Yes. Until next time, Kevin Okay, perhaps a bit more explanation. A style guide is just one form of documentation that I talked about last month. And I’ve mentioned style guides here and there in the past. I’m a big believer in style guides. This admiration isn’t universal. Several people I’ve met think they’re too restrictive. Shouldn’t the designer have the ability to use whichever font, whichever color, whichever layout,[…]READ MORE about Should My Training Team Use a Style Guide?
Do you hate documentation? You have to create it, keep it up-to-date, use it, make sure that other people use it. And there’s always the risk that you spend more time maintaining it than you spend working on the actual project. And yet… I adore and (attempt to) follow the Chicago Manual of Style (16th edition—we’re a bit behind the times). I know it’s 1026 pages on topics like when[…]READ MORE about The Case for Documentation
Quick Tips to Improve Training Quality Creating elearning can be both time-consuming and intense. To help make it a little easier, here are three tips that can have an outsized effect. Link objectives to content. If you use an objective-driven process (and you should), include a text reference to each objective when you write the content related to the objective’s topic. How does this help? It ensures that the screen[…]READ MORE about 3 Tips for Raising the Quality of Your Training
When Informal Communication Succeeds: A Tale from the Trenches An interaction catalog: one way to efficiently build great elearning How do you design successful elearning while operating within constraints like budget, time, and resources? As recently discussed on our Learning Dispatch blog, one way is to have a formal template interaction catalog, and consciously ensure that designers and developers operate only within those limits (it can be more creative than it sounds!).[…]READ MORE about Does Your Elearning Team *Always* Need an Interaction Catalog?
Making elearning accessible is the right thing to do. It’s also often a project requirement. Senior Learning Architect Kevin Gumienny shares conference insights from CSUN ATC 2018 on how to include accessibility in your elearning development process. He’ll introduce using pattern libraries for accessible elearning development, explaining how they can make your development process more efficient. CSUN Session Takeaways for Developing Accessible Elearning The 33rd California State University, Northridge Assistive Technology Conference[…]READ MORE about Using Pattern Libraries for Accessible Elearning: Insights from CSUN 2018
Accessibility can be huge, and it can be overwhelming if you’re just starting….Where do I start? Well, the answer is you just start wherever you can. Being partially accessible is better than not being accessible at all.” – Kevin Gumienny on getting started with accessible elearning A few days after returning to Austin from the 2018 CSUN Assistive Technology Conference in San Diego, Microassist colleagues Vivian Cullipher, content specialist, and Kevin Gumienny, senior[…]READ MORE about Getting Started with Accessible Elearning (and 2018 CSUN Assistive Technology Conference Takeaways)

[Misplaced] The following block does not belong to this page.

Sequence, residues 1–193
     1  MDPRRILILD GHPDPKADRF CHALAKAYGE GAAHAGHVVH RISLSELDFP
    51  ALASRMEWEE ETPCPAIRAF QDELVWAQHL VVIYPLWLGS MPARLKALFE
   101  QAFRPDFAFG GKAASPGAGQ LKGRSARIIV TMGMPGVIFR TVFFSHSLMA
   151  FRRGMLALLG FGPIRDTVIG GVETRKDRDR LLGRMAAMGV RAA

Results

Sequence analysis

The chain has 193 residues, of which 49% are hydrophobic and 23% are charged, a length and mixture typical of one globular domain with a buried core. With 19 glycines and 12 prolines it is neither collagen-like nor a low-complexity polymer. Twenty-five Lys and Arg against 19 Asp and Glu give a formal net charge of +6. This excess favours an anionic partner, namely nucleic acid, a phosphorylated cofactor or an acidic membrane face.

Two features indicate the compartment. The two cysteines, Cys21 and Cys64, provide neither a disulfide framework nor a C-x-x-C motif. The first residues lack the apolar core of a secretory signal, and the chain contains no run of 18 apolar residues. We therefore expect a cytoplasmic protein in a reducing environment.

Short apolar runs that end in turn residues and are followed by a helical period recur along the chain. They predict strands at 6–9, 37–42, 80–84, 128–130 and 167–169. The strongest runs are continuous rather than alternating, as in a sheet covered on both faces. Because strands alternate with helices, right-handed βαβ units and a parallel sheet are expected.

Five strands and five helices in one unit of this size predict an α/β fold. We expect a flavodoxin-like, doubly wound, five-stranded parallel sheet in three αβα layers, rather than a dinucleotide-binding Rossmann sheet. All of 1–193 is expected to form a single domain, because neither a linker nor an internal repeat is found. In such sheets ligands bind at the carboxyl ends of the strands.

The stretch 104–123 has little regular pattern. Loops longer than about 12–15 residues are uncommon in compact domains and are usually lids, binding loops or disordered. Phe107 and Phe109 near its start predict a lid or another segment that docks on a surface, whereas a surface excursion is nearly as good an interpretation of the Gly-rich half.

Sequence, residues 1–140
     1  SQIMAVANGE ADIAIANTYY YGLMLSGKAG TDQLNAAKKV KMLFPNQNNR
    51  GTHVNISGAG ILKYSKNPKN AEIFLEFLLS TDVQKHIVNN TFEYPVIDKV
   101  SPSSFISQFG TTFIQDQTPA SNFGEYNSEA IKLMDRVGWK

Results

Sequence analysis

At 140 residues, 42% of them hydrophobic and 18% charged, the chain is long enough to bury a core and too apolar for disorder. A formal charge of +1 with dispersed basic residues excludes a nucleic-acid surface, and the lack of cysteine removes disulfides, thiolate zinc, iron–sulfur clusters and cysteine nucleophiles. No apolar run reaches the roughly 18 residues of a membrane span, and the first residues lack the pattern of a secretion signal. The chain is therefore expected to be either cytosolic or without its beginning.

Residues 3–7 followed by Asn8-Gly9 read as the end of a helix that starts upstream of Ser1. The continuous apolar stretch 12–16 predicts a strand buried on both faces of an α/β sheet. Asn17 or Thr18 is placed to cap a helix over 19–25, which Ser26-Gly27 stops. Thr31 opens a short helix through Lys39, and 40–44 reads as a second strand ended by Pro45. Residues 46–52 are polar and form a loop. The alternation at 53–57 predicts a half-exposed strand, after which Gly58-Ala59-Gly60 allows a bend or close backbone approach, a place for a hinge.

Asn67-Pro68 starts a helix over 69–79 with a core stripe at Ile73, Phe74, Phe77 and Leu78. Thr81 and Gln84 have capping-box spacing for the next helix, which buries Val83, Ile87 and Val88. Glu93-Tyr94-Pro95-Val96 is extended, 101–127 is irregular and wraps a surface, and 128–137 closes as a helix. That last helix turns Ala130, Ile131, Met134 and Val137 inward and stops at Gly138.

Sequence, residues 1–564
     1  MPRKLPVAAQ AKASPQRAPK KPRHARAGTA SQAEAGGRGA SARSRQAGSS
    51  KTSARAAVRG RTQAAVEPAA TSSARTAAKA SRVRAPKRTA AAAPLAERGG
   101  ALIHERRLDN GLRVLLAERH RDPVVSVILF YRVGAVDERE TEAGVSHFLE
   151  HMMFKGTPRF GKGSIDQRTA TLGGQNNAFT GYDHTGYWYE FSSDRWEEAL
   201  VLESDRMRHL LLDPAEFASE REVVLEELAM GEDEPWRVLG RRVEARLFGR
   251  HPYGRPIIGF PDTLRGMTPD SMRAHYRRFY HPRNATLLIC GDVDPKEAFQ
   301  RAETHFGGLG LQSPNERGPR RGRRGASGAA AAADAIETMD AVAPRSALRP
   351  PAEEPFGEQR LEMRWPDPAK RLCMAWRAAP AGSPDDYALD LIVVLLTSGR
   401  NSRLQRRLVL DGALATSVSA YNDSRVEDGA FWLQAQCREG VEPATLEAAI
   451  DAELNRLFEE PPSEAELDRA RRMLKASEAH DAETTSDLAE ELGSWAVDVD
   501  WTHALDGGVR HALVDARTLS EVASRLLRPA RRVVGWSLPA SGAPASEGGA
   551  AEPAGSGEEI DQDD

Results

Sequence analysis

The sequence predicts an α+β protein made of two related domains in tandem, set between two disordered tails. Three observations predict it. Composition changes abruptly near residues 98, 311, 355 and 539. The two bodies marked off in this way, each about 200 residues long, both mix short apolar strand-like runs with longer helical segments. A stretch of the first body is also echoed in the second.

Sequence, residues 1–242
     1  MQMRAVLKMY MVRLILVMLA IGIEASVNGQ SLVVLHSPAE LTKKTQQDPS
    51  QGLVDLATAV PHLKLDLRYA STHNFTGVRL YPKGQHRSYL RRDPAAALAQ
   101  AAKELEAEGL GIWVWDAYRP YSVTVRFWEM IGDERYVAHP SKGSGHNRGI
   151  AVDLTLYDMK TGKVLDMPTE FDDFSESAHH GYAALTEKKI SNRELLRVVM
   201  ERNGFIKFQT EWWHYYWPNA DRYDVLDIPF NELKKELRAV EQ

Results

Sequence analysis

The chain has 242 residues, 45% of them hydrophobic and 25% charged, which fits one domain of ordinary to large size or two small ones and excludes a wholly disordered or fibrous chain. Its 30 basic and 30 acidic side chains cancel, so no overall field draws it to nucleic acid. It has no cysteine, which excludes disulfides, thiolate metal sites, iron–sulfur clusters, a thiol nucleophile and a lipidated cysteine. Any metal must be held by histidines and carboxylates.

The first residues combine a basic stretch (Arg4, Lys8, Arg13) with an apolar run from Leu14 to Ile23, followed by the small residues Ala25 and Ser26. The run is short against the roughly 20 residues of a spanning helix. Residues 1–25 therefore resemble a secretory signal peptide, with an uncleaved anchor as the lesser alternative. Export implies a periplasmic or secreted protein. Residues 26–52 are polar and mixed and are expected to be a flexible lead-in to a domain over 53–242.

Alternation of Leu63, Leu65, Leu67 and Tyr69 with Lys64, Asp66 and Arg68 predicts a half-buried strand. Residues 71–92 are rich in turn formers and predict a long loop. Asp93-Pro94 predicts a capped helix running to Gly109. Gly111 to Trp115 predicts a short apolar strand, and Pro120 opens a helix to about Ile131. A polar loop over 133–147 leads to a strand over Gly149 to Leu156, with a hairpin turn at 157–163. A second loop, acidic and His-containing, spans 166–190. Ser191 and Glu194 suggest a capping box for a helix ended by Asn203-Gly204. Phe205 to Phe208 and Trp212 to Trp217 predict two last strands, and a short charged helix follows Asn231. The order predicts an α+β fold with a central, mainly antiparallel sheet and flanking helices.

Testing Your Online Course: How to Evaluate Elearning Functionality before Launching How does testing fit into elearning development? It’s tempting to assume, when an elearning course has been created, that everything will just work. Advancing through the course will perform as expected; when questions are answered, the correct feedback will appear; completion will be properly registered with the user’s account. And yet… Here are some things that I’ve seen go[…]READ MORE about But What Could *Possibly* Go Wrong? Testing Your Online Course
Ethan Edwards of Allen Interactions likes to make the point that we can’t make people learn. You can’t learn someone to do something. You have to create the conditions where they want to bring the information to themselves. And games are a great place to create a sense of engagement. Games create a new world, one with rules that put constraints on actions. In terms of training, this creates a[…]READ MORE about Game-Based Learning: How to Give Your Learners a Safe Place to Fail
We had a great turnout during our recent webinar, Develop the Elearning Your Project Deserves—for the Training Results You Want. As promised, here are elearning development resources from the webinar, as well as a few extras. We covered a lot of ground in the presentation, so if I’ve missed any resources on any of these elearning subspecialities, please feel free to note it in the comments below. Elearning Development[…]READ MORE about Elearning Development Resources: Develop the Elearning Your Program Deserves
Why Use Both an Instructional Designer and a Course Developer: Won’t One Person Suffice? Continuing our discussion about roles in a training team, this month we’re looking at the advantages of separating the roles of instructional designer and course developer. It’s pretty common for an elearning development team to have a single person who is responsible for building elearning. They analyze the need for a course, design the course, build the course[…]READ MORE about Instructional Designer and Course Developer: One Person or Two?